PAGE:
Colombian artist Sebastian Villabona creates work inspired by photographs of his daily surroundings. Through the visual manipulation of these images, he is able to achieve contrasting shapes and strong symbolism in his paintings. Here he shares more behind his practice with us.
How do you draw inspiration from your surroundings in your practice?
I’m constantly paying attention to my surroundings and the aesthetics of the city, searching for things that visually draw my attention and from there I borrow or take these references as inspirations. From old marks on walls, car/bikes tracks on the asphalt, contrast of soft materials against more rough, grilles or to construction fabrics, etc. Then my phone camera is always a good company, I usually take a lot of photos day to day or I help my memory to save these sources. Then I try to find out how to visually manipulate these references by sketching, drawing, or by doing mark-making before I plan the paintings.
These paintings create an interesting juxtaposition between geometric and organic shapes. How do you explore the tension created by this contrast?
I like the idea of contrasts as a way that both the negative/positive or the black/white exist in the same space. Even if they don’t agree with each other they are interacting and their relationship is what creates spaces and meanings. Some time ago I worked only with geometrical and "perfect" shapes but they became too boring and clean. When I started incorporating more irregular shapes the composition became more interesting and the process more playful. It happens the same when I add textures and more information to the painting, it gives more expression when it’s too flat.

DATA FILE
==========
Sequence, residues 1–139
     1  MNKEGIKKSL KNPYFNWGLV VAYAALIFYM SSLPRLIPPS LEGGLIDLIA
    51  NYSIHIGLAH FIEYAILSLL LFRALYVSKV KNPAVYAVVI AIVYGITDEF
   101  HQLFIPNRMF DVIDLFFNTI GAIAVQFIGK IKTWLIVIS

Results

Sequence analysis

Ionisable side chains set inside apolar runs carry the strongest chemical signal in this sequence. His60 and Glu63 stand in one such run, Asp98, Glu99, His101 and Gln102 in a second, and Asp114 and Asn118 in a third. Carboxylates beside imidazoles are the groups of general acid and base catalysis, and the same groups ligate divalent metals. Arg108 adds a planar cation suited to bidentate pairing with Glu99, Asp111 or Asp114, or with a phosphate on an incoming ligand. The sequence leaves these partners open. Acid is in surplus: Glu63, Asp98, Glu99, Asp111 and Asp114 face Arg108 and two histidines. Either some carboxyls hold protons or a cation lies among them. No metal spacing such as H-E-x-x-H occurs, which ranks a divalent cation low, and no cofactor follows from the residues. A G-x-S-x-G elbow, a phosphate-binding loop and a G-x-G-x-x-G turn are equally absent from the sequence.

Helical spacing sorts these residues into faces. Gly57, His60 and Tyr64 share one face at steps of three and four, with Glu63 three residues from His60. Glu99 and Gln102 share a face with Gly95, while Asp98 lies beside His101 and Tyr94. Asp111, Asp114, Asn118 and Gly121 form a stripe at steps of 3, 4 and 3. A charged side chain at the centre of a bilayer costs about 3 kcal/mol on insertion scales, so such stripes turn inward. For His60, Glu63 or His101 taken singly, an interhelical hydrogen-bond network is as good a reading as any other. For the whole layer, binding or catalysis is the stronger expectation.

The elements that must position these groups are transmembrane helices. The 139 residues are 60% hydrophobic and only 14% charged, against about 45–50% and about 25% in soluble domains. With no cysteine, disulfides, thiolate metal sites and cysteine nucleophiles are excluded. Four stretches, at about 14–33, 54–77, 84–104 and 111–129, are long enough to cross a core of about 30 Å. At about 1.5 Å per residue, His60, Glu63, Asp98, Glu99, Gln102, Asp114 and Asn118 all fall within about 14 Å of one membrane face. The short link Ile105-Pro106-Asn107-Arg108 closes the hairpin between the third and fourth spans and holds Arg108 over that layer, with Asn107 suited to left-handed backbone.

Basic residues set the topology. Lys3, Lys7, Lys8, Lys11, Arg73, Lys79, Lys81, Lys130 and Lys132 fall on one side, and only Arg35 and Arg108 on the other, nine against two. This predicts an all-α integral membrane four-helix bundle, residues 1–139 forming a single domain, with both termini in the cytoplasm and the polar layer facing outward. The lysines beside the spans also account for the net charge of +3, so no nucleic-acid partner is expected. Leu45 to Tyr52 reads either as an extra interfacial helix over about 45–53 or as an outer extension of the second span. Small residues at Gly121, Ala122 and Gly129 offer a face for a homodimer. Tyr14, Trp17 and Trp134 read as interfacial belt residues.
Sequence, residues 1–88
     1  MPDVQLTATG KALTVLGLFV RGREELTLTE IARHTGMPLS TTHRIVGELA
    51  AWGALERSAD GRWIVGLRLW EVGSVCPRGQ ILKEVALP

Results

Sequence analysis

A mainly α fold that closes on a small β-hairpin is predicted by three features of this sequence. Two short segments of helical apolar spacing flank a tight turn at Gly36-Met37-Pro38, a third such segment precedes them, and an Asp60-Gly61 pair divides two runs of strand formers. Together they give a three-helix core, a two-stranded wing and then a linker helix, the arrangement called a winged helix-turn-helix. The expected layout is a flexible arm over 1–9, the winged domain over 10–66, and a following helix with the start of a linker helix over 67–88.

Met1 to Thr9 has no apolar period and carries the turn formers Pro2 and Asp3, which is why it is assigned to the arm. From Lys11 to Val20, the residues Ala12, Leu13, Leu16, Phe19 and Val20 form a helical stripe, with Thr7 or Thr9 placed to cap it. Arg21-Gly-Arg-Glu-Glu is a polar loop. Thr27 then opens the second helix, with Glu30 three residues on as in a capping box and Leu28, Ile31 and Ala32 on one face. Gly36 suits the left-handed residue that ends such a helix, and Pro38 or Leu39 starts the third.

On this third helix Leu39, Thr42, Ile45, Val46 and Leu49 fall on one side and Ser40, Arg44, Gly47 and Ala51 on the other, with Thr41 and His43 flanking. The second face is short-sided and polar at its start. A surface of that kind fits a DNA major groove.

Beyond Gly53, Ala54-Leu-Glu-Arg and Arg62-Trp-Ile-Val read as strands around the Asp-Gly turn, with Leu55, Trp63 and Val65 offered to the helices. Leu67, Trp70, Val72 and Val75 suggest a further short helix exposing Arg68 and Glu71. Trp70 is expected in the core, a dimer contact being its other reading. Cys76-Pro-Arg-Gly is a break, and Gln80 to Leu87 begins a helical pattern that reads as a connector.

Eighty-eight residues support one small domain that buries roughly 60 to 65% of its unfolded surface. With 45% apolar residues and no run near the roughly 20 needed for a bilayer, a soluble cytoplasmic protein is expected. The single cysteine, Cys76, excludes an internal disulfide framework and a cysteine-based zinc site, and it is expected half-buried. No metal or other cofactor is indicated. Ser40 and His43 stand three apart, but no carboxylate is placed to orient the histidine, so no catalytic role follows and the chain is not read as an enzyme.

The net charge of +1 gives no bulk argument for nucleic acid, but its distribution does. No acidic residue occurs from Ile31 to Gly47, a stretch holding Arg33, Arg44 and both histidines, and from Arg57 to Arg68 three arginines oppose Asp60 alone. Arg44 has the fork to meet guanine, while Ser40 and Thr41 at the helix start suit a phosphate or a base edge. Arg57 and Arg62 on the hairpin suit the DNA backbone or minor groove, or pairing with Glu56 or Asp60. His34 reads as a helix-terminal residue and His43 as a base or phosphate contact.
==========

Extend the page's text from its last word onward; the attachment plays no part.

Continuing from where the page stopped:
You mention the incorporation of metaphors and symbols in your work, how do you develop their deeper meaning?
I like to relate ideas of our life in my paintings, there is so much we think and experience that can be related to art. For me, abstract art creates a kind of metaphor through the ambiguity of the paintings. Often there is no explicit meaning that the painting could manifest to everyone, it is so much about the viewer’s interpretation. It is the same way in our daily life, in which one thing means to a person may be the opposite of the other.
Could you describe your creative practice in 50 words or less?
What I seek in my practice is playfulness, subjectivity, non-figurative, colorful, dynamic, geometrical, organic, moving, tactile, expressive, bold, accessible, “rightness" and "wrongness", and a balance of symmetry and asymmetry.
What book, movie or video have you read/seen recently that has influenced your work? Why?
I recently saw Contempt from Jean-Luc Godard and I really liked the use of color in the scenes, especially the presence of blue, red and white on clothes, furniture, and objects. It’s very interesting how just with primary colors you can do so much.